Before really diving into this topic as it relates to cannabis, let’s talk: what is depression?
Depression is a very common and serious medical condition that deals with mood disorders. The most common types of depression are Major Depression and Bipolar Depression, with other forms including Postpartum Depression and Seasonal Affective Disorder.
Depression is a somewhat complicated condition because there are many symptoms and causes that can affect an individual. Below is a brief summary of a few of the common symptoms and causes:
Symptoms of depression include feelings of hopelessness, sadness, emptiness, excessive guilt, anger, anxiety, irritability, fatigue, lack of energy, insomnia, suicidal thoughts, aches and pains, overeating and weight gain, lack of appetite, poor memory, poor concentration or decision making.
Causes of depression include brain chemistry imbalance, physical health problems, stress, substance abuse, poor nutrition, traumatic events, and female sex hormones.
The traditional treatments for depression include making lifestyle changes as well as using antidepressants and antipsychotics. Both drug categories have serious withdrawal symptoms and many unpleasant side effects. These drugs include Zoloft, Prozac, Lexapro, Cymbalta, Parnate, Depakote, Seroquel, Zyprexa, as well as benzodiazepines for depression related anxiety. Some of the other forms of therapy available include group, individual, and cognitive therapy, as well as mood stabilizers like Lithium and Carbamazepine.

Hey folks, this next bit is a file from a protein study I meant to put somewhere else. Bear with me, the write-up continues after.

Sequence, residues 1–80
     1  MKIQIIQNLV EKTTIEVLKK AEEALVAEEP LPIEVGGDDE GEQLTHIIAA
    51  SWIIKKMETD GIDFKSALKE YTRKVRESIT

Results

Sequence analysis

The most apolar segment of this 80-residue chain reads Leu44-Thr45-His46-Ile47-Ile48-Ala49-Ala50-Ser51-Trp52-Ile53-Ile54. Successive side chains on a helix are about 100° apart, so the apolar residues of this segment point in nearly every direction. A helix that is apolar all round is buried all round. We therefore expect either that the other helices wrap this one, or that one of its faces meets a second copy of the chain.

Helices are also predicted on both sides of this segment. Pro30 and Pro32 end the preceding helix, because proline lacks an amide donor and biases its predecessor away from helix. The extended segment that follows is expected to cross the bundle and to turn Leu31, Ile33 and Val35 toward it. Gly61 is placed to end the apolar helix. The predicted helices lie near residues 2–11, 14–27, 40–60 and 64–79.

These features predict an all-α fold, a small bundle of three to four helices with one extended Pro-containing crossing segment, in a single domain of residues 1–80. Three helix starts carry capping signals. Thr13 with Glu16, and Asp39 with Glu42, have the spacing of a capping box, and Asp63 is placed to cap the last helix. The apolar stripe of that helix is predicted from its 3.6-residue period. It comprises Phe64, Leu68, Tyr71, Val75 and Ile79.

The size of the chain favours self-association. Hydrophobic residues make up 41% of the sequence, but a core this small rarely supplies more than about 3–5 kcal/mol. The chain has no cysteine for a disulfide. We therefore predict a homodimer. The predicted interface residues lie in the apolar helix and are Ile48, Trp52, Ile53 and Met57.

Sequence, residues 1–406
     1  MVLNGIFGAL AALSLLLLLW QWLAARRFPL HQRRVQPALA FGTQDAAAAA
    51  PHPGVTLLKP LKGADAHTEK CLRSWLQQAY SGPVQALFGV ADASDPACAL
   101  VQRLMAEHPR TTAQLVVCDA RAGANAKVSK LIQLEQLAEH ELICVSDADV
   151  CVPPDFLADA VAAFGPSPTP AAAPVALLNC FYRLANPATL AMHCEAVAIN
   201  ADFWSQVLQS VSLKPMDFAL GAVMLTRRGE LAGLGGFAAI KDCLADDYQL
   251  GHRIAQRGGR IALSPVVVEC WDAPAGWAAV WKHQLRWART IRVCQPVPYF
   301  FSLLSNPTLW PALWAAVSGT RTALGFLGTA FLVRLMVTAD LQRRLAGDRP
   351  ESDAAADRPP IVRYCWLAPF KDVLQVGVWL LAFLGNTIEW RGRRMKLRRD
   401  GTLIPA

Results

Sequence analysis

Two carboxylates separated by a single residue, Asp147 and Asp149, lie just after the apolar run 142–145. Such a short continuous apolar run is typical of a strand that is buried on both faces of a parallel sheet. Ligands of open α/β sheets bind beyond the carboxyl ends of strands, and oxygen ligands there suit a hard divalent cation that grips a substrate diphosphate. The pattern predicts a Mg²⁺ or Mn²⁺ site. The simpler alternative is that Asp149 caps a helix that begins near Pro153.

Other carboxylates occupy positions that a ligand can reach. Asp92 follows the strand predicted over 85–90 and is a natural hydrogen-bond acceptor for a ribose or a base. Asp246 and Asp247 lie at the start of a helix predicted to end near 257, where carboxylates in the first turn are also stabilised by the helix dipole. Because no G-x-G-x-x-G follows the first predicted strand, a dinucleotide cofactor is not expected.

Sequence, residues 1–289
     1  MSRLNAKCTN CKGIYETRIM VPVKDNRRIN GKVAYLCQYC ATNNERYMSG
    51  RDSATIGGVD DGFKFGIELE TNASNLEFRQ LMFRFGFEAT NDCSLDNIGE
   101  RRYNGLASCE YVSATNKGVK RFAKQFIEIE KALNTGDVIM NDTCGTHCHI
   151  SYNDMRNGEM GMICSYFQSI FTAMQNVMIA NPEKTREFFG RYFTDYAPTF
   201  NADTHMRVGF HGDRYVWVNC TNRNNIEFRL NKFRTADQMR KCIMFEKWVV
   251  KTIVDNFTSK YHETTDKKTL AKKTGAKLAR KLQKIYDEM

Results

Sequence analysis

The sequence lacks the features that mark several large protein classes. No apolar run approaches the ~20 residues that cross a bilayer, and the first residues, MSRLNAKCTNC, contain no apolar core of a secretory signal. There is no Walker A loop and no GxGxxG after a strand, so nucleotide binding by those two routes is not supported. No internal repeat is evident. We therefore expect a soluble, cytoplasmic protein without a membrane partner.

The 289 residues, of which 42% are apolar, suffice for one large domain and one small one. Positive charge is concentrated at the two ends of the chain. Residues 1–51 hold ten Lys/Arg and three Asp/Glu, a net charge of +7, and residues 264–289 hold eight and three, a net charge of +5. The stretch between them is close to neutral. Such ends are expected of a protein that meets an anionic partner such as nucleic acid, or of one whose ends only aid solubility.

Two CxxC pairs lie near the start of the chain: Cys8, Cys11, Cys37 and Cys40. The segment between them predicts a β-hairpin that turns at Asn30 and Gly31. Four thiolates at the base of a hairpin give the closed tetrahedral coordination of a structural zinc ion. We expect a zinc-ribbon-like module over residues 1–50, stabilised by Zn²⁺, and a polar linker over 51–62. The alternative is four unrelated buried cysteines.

All this being said, as individuals look for alternatives to traditional pharmaceutical treatments, depression is a fairly common qualifying medical condition that is being used for determining eligibility to obtain a medical cannabis certification in many states.
It’s important to remember that when we’re discussing cannabis, we are talking about both hemp and marijuana. This includes THC, CBD, CBG, CBN, terpenes and other phyto-cannabinoids that make up these amazing cannabis plants.
The current research is showing (but not yet proving) that people who use cannabis to help treat their depression have better success managing their symptoms when using a 1:1 CBD:THC cultivar or a high CBD/low THC product (as opposed to using a high THC product with no CBD). THC at low doses may help with symptoms of depression, but because of the biphasic properties of cannabis, a high dose may cause anxiety and paranoia.
Another problem with larger doses of THC is that it has been shown to trigger mania or psychotic episodes in people with bipolar depression or a family history of psychosis. There’s also research stating that the side effects of high THC consumption may create depressive side effects such as decreased motivation and, over time, cannabis dependence syndrome in some people.
Furthermore, many people are sensitive to the THC molecule and aren’t wanting to feel the psychotropic effects that high-THC products tend to cause. Research has shown that CBD works with our 5-HT1 Serotonin receptors in our brain by mimicking Serotonin and binding to the 5-HT1 receptor, creating anti-depressive effects. In contrast, THC does not tend to produce similar effects, so therefore, using only high-THC products will not likely be beneficial when it comes to treating depression related symptoms.
Lastly, terpenes, such as Limonene, Linalool, Myrcene, Beta-Caryophyllene and Terpinolene, also play a role in helping to treat depression related symptoms.
There are various 1:1 CBD:THC cultivars that are generally recommended for assisting in managing depression. Here are a few examples of some of the more popular ones:
Cannabis is obviously a non-traditional therapy for depression. Although there is some research available, there still needs to be more done. The most important thing to remember is that when you are seeking to help treat your symptoms from depression with cannabis, products with low or no THC and high or more CBD seem to be the best.